Within the framework of a building restructuring project, Royal Annecy entrusted the realization of one part to Elitec.
The two companies entered into an agreement stating that any future disputes would be submitted to the mediation of Mr. Y. In case of disagreement over the mediation, the parties were supposed to constitute an arbitral tribunal, chaired by Mr. Y.
Following a dispute, the clause was enforced and Mr. Y. rendered five awards. The awards were quashed on the ground that no arbitration clause had been signed.
Royal Annecy brought a liability action for fault against Mr. Y. and a representative of the opposing party. It pretended, inter alia, that Mr. Y misused its arbitrator’s power, that it could not have accepted, in order to allocate to the opposing party an overwhelming sum of money.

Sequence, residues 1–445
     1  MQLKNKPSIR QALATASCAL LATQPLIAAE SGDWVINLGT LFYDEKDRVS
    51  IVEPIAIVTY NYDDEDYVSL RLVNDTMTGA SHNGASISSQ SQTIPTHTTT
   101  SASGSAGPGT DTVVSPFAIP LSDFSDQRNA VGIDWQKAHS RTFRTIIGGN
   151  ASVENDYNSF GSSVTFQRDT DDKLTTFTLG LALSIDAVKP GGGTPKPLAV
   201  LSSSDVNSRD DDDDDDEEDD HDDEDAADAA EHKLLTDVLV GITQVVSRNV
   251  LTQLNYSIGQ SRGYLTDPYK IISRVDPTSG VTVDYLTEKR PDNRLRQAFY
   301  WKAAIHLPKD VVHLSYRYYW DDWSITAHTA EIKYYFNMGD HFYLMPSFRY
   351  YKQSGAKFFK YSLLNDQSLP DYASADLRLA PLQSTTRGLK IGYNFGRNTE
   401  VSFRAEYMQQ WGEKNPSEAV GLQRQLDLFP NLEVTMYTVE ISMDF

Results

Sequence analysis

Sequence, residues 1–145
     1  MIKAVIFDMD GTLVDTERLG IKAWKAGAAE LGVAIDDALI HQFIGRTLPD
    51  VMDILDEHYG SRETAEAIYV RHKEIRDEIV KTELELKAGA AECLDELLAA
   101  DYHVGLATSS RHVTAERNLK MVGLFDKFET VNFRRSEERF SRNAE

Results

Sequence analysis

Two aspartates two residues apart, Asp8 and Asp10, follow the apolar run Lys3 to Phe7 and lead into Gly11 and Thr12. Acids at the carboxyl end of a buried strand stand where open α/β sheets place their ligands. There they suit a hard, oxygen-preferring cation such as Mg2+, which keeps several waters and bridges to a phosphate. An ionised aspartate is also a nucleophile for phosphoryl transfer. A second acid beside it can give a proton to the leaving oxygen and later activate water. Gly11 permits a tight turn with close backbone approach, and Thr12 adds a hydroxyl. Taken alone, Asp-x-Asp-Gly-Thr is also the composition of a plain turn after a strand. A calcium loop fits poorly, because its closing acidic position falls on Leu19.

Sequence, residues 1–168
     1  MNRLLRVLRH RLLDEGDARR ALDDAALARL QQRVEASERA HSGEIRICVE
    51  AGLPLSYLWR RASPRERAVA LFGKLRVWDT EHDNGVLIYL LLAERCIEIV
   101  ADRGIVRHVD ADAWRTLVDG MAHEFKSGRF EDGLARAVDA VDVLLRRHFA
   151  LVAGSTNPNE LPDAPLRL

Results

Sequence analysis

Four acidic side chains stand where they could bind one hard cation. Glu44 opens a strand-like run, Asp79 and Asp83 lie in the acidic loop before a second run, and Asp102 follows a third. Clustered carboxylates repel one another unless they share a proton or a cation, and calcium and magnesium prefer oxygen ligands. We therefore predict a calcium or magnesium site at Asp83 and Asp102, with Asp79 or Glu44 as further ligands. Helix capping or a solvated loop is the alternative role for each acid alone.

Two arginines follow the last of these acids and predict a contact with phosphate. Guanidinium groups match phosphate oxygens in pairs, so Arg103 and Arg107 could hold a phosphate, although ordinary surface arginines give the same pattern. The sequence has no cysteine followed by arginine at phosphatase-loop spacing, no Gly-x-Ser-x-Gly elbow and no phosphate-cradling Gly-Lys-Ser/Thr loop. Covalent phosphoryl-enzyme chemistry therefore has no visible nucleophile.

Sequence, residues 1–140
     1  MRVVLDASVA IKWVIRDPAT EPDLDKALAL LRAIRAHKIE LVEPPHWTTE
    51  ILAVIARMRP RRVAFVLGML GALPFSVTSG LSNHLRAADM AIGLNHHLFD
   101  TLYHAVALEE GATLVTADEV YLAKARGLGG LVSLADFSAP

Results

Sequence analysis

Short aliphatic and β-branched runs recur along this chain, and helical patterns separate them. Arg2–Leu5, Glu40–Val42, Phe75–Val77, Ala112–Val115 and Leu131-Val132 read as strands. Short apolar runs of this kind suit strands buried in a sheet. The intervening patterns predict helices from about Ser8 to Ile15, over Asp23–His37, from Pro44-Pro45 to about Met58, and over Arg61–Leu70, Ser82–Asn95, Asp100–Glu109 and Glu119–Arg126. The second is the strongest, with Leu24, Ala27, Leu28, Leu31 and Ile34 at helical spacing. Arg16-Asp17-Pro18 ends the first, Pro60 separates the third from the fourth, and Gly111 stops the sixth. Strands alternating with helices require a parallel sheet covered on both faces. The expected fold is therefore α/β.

The court of appeal upheld the judgment ordering Mr. Y. to pay various sums and rejected Mr. Y.’s claims as for the payment of his arbitrator’s fees.
It also found that Mr. Y. could not be unaware that it was impossible for him to render new awards after the annulment of his decisions based on an inexistent arbitration clause. His behavior forced Royal Annecy to initiate various procedures using legal services and causing time and money losses.
Mr. Y. appeals by arguing that the arbitrator’s personal liability can only be incurred for deceit, fraud or gross negligence. In this case, these omissions were allegedly not found. He also claims that annulled awards, because they are unenforceable, do not result in losses. Thus, neither the fault nor the link has been established.
The Cour de Cassation dismisses the appeal. It finds that the conclusions of the court of appeal are sufficient to establish the fault and the causal link between that fault and prejudice. It, therefore, deduced correctly that the liability of the arbitrator was incurred on the basis of the Civil Code.